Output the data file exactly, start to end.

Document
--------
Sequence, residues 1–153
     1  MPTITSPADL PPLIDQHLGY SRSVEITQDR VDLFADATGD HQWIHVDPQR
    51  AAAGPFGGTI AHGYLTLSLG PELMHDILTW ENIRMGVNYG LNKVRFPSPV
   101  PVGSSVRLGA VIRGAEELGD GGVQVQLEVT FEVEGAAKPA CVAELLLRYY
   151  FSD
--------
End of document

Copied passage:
Sequence, residues 1–153
     1  MPTITSPADL PPLIDQHLGY SRSVEITQDR VDLFADATGD HQWIHVDPQR
    51  AAAGPFGGTI AHGYLTLSLG PELMHDILTW ENIRMGVNYG LNKVRFPSPV
   101  PVGSSVRLGA VIRGAEELGD GGVQVQLEVT FEVEGAAKPA CVAELLLRYY
   151  FSD